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      Renal Gene Expression in Embryonic and Newborn Diabetic Mice

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          Abstract

          Several novel genes that are upregulated in diabetic kidneys have been identified. Recently, transforming growth factor beta driven secreted proteins, i.e., connective tissue growth factor and gremlin (bone morphogenetic protein 2), have been identified, and their expression has been correlated with the tissue changes seen in diabetic nephropathy in the adult population. However, there are very few studies reported in the literature that describe the gene expression in the diabetic state during embryonic and neonatal life. It is well known that exposure to glucose or its epimer, i.e., mannose, induces marked dysmorphogenesis of the embryonic metanephros in an organ culture system. These changes are associated with ATP depletion and marked apoptosis, suggesting an oxidant stress in the induction of dysmorphogenesis of the embryonic metanephros. In view of the glucose-induced changes in the fetal metanephros, a diabetic state was induced by the administration of streptozotocin during pregnancy, and newborn mouse kidneys were processed for suppression subtractive hybridization-PCR. In addition, a diabetic state was induced in newborn diabetic mice, and after 1 week their kidneys were harvested and subjected to representational difference analysais of cDNA. Four novel genes with upregulated mRNA expression were identified. They included: (1) a translocase inner mitochondrial membrane 44 that is involved in the ATP-dependent import of preproteins from the cytosol into the mitochondrial matrix; (2) a kidney-specific aldo-keto reductase that utilizes NADPH and NADH as cofactors in the reduction of aromatic aldehydes and aldohexoses; (3) Rap1b, a Ras-related small GTP-binding protein that behaves as a GTPase and cycles between GTP-bound (active) and GDP-bound (inactive) states associated with conformational change, and (4) a fusion protein of ubiquitin polypeptide and ribosomal protein L40 (UbA<sub>52</sub> or ubiquitin/60) that is intimately involved in the ubiquitin-dependent proteasome pathway related to the accelerated degradation of proteins under various stress conditions, such as those seen in patients with cancer and diabetes mellitus.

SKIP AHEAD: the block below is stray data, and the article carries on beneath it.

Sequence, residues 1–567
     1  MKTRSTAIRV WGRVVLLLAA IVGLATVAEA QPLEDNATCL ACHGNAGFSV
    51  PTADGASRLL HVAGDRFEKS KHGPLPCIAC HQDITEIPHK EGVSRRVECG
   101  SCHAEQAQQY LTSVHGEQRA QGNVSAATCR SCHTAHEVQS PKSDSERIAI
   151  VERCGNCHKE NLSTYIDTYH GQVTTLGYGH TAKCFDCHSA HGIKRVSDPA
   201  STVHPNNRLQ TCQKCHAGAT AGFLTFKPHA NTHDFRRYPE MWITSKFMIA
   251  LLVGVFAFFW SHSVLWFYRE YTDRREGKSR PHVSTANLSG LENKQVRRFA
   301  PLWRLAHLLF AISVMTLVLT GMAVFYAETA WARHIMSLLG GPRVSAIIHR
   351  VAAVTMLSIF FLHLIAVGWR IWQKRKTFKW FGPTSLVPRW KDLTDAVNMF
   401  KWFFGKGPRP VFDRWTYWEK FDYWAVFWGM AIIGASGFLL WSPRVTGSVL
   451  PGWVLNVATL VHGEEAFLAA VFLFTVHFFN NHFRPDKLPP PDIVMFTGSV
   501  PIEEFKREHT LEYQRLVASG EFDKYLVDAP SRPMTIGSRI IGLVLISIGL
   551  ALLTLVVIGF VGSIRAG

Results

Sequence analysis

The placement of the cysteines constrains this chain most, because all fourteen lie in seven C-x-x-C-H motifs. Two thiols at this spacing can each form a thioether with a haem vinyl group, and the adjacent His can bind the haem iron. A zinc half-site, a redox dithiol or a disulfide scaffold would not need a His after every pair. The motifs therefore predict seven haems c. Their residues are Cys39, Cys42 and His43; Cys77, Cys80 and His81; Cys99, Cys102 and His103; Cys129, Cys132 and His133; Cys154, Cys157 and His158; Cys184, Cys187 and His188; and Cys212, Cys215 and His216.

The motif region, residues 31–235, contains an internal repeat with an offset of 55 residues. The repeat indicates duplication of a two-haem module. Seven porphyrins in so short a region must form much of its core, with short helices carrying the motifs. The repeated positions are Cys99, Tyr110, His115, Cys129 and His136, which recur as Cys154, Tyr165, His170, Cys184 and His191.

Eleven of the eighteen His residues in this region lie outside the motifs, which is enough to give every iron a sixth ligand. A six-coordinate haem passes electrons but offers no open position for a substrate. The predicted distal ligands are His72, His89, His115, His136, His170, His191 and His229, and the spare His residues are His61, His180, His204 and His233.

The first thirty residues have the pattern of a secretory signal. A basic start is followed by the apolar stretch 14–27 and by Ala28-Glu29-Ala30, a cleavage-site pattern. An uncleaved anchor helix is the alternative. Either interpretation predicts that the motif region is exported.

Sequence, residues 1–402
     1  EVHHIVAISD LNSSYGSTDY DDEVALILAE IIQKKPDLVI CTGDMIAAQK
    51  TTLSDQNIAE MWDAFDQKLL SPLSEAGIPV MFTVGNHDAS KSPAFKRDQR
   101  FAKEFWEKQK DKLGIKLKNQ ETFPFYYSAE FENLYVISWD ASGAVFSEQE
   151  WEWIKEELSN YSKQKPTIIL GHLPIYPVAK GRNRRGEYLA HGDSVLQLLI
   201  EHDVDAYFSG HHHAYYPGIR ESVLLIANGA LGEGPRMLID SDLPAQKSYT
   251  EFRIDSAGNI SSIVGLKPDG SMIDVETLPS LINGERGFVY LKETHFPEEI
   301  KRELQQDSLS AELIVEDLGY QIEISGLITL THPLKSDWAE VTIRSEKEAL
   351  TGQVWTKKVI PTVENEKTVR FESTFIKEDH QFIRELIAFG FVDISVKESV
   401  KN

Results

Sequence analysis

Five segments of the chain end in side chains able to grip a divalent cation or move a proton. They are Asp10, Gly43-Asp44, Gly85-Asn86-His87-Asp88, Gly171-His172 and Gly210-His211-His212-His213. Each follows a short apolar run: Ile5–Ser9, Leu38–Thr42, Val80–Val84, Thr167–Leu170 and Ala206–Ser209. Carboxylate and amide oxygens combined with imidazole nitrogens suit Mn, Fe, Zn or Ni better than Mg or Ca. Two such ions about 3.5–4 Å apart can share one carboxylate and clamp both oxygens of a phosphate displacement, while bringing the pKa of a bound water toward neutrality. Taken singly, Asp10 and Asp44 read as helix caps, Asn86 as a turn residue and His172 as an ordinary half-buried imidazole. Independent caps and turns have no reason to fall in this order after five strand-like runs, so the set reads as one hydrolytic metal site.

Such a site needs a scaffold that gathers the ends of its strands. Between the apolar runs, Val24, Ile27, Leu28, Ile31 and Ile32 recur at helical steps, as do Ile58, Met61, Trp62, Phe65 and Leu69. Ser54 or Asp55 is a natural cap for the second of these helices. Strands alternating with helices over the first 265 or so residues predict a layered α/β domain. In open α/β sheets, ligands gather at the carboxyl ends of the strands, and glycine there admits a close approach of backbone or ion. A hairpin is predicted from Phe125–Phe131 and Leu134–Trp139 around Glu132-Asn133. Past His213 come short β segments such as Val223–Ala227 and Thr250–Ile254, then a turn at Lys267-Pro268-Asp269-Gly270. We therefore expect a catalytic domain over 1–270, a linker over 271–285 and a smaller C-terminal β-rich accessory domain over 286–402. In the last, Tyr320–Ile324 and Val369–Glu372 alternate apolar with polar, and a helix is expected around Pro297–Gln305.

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          Most cited references 4

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          Substrate targeting in the ubiquitin system.

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            Characterization of mammalian translocase of inner mitochondrial membrane (Tim44) isolated from diabetic newborn mouse kidney.

             J Wada,  Y Kanwar (1998)
            Mammalian translocase of mitochondrial inner membrane (mTim44) was isolated during representational difference analysis of cDNA from diabetic mouse kidney. Streptozotocin-induced diabetic mouse kidney cDNA was prepared and subtracted by normal mouse kidney cDNA. By using one of the isolated cDNA fragments as a screening probe, full-length cDNA of mTim44 was isolated from lambdaZAP kidney cDNA library. At the nucleotide level, mTim44 did not exhibit significant homology with any known genes; however, at the amino acid level, it had 50% similarity and 29% identity with yeast Tim44. C-terminal FLAG epitope-tagged mTim44 fusion protein was transiently expressed in COS7 cells. By using anti-FLAG epitope M2 monoclonal antibody, mTim44 was found to have its subcellular localization associated with mitochondria. By immunoelectron microscopy, mTim44 was seen in the paracrystalline structures within the mitochondria, as well as in their cristae. Mitochondrial import assay of in vitro translated mTim44 indicated that its precursor product ( approximately 50 kDa) was imported and proteolytically processed to a mature approximately 44-kDa protein, and its translocation was inner membrane potential (DeltaPsi)-dependent. Imported mTim44 was protected from protease digestion in which outer membranes were selectively permeabilized with digitonin. The mature form of mTim44 could be recovered in the supernatant of sonicated mitochondrial membrane fraction treated with 0.1 M Na2CO3, pH 11.5. The data indicate that mTim44 is a mitochondrial inner membrane protein, one of the members of the mammalian TIM complex and up-regulated in hyperglycemic states.
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              Identification of a renal-specific oxido-reductase in newborn diabetic mice.